By KHRISNA VIRGIL
Deputy Chief Reporter
THE Bahamas Insurance Association yesterday said it supports measures by the Minnis administration to stop, review and get right all aspects of National Health Insurance, adding that it is likely NHI’s Secretariat is “illegally” acting as an insurance company.
In a press statement yesterday, the BIA said it is “concerned” breaches of the NHI Act are continuing and have not been addressed to date.
The association pointed to the NHI Act’s anticipation of regulated health administrators (RHA), which would be responsible for the management and administration of NHI benefits.
However, the BIA said to its understanding no RHA has been contracted to administer NHI benefits.
Under Section 25(2) of the NHI Act, a RHA should be among other things, a company carrying on long-term insurance business and registered with the Insurance Commission to carry on long-term insurance business for sickness or health insurance in accordance with the Insurance Act.
It should also be certified by the Insurance Commission as an administrator in accordance with the provisions of the Insurance Act, enter into an agreement with the authority in accordance with the provisions of the NHI Act; and satisfy such other requirements as may be determined by the NHI Authority.
“It is our understanding that no RHA has been contracted to administer the NHI benefits. Instead, the NHI Secretariat presumably under the guise of purporting to act as the NHI Authority has taken on the functions of an RHA as defined in Section 26 of the NHI Act,” the BIA’s statement said yesterday.
“It is noteworthy to state that the functions of the NHI Authority are clearly stated in Section 6 of the NHI Act and do not overlap with those of an RHA.
“The BIA contends that the NHI Secretariat acting on the premise that it can function as the NHI Authority, which has not been formally constituted, may have illegally taken on among other things the following functions of an RHA as defined in Section 26 of the NHI Act: providing beneficiaries with access to benefits, paying providers for benefits, processing beneficiary claims, case management, monitoring the provision of health care benefits.”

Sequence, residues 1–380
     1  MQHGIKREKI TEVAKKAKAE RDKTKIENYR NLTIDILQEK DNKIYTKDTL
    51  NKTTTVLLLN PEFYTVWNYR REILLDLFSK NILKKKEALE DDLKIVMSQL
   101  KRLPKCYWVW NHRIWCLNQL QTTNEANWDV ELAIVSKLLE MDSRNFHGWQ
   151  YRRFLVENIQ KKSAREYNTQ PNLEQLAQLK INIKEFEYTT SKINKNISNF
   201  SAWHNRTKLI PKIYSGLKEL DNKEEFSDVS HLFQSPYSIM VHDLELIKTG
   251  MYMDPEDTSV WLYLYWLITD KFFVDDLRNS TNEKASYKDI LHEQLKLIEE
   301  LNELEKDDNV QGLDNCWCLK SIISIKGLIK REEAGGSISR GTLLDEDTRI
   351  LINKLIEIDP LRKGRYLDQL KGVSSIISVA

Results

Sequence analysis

This would violate the NHI Act and as the NHI Secretariat would be carrying on insurance business, is also a violation of the Insurance Act, the BIA said.
The statement continued: “The recently reported complaints regarding non-payment of medical providers seems to illustrate one of the practical consequences of violating the law. Had an insurance company failed to make payment, a complaint could have been filed with the Insurance Commission who has the legal power to investigate the complaint and to direct the company to resolve it.
“The insurer in question could also have been sued for breach of contract. Under these circumstances where the payments themselves violate law, the affected medical providers may not have any legal redress available to them.
“We submit that it is highly improper for the NHI scheme to be violating the very law that brought it into being. We recommend that the government take steps to rectify this apparent disregard for the provisions of the NHI Act and Insurance Act. Additionally, the NHI Authority Board when formally constituted, must take immediate steps to rectify the aforementioned breaches and ensure that the authority complies with the NHI Act and other applicable legislation.
“The government should ensure that a dangerous precedent is not set vis-à-vis disregard for applicable law. The Bahamas has to act in accordance with the rule of law and public officials cannot knowingly violate duly passed law.
“The BIA reiterates its agreement with the concept of universal health care and is committed to working with the Minister of Health (Dr Duane Sands) and the NHI Authority (when formally constituted) to ensure that a sustainable NHI plan is implemented and administered successfully for the Bahamas.
“We wholeheartedly agree with the minister that this is the time to stop, review and get it right.”
On Monday, Dr Sands admitted doctors’ complaints about not being paid by NHI are “unlikely to be the last” revelation concerning the scheme’s woes.
Dr Sands told Tribune Business private doctors who had signed-up to provide services to NHI’s 25,000-plus beneficiaries were “another potential casualty” of the Christie administration’s haste to roll-out the scheme as a pre-election “vote grabbing” tool.
Promising to speak with the NHI Secretariat about the alleged non-payment, Dr Sands reiterated that the failure to fully implement the NHI Act and its governance structure - especially the NHI Authority and its board - meant the scheme lacked a lawful basis to make any payments whatsoever.